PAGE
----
TOKYO — The rebranded Tokyo Motor Show wants to become the "Davos of Mobility."
Imagine a who's who meetup of business leaders from the traditional automotive industry and whiz kids from innovative startups in artificial intelligence, software and renewable energy.
But instead of gathering at a snowy Swiss ski resort, they do it on the Tokyo waterfront.
That is the image floated by organizers of this autumn's Japan Mobility Show.
"We would like to make this show a Davos meeting of mobility," said Nissan CEO Makoto Uchida, speaking in his role as a vice chairman of the show's organizer, the Japan Automobile Manufacturers Association. "We are going to showcase the state-of-the-art technology of Japan."
The association has hosted the Tokyo Motor Show since its inception in 1954. But from this year, it is rebranding the expo as the Japan Mobility Show to cast a wider net and generate buzz.
Uchida said the goal is to attract 1 million visitors during its Oct. 25-Nov. 5 run.
The Nissan boss offered the latest vision May 18, during the association's regular monthly briefing.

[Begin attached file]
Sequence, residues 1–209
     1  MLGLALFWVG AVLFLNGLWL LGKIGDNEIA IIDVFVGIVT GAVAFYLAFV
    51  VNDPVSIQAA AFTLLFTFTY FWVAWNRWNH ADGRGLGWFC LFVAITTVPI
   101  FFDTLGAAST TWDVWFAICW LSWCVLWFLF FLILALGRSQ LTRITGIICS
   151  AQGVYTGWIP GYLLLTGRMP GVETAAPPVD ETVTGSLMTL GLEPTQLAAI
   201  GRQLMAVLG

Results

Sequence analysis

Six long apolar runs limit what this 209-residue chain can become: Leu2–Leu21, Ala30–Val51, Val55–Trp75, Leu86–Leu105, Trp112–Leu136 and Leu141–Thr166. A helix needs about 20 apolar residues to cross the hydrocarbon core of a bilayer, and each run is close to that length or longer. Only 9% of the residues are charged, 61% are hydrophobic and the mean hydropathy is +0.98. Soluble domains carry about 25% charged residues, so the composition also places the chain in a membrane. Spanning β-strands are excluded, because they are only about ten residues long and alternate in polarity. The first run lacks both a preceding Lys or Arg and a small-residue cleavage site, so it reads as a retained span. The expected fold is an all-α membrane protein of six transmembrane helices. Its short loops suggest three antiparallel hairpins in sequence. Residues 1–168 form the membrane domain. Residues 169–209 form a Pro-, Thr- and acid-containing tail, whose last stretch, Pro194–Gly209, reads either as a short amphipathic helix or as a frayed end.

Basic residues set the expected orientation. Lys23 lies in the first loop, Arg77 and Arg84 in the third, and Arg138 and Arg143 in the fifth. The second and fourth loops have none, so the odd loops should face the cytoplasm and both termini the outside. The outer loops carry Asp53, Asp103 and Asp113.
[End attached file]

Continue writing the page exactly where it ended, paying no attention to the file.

The Japan Mobility Show aims to include everything from motorcycles to startups and an array of new participants under an "all-industry" banner.
There will also be a showcase called Tokyo Future Tour, promising visitors a peek at what future life will be like for people in Japan's biggest city, with a view beyond cars.
Organizers hope the reboot rekindles international interest in Asia's erstwhile premier auto expo and in Japan as a technology leader. The Tokyo car conclave used to hum with global debuts.
But at the last gathering in 2019, only four international brands bothered to show.
The association will provide more details about the Japan Mobility Show, including a list of participating companies and the show logo, on May 24. Promotional graphics depict flying cars and robotic dogs among the attractions. Media days will be Oct. 25-26, and the show will be held at Tokyo Big Sight, the sprawling convention center on the waterfront that hosted the last Tokyo Motor Show.
In April 2021, the association canceled the biennial Tokyo show scheduled for fall of that year, shutting down the event for the first time in its history because of the COVID-19 pandemic.
At the show's last gathering, in 2019, Toyota's Akio Toyoda set a goal of attracting 1 million visitors, and the 12-day show finished with more than 1.3 million attendees. That was a 70 percent surge over the 771,200 who visited in 2017, though well below the record of 2.02 million in 1991.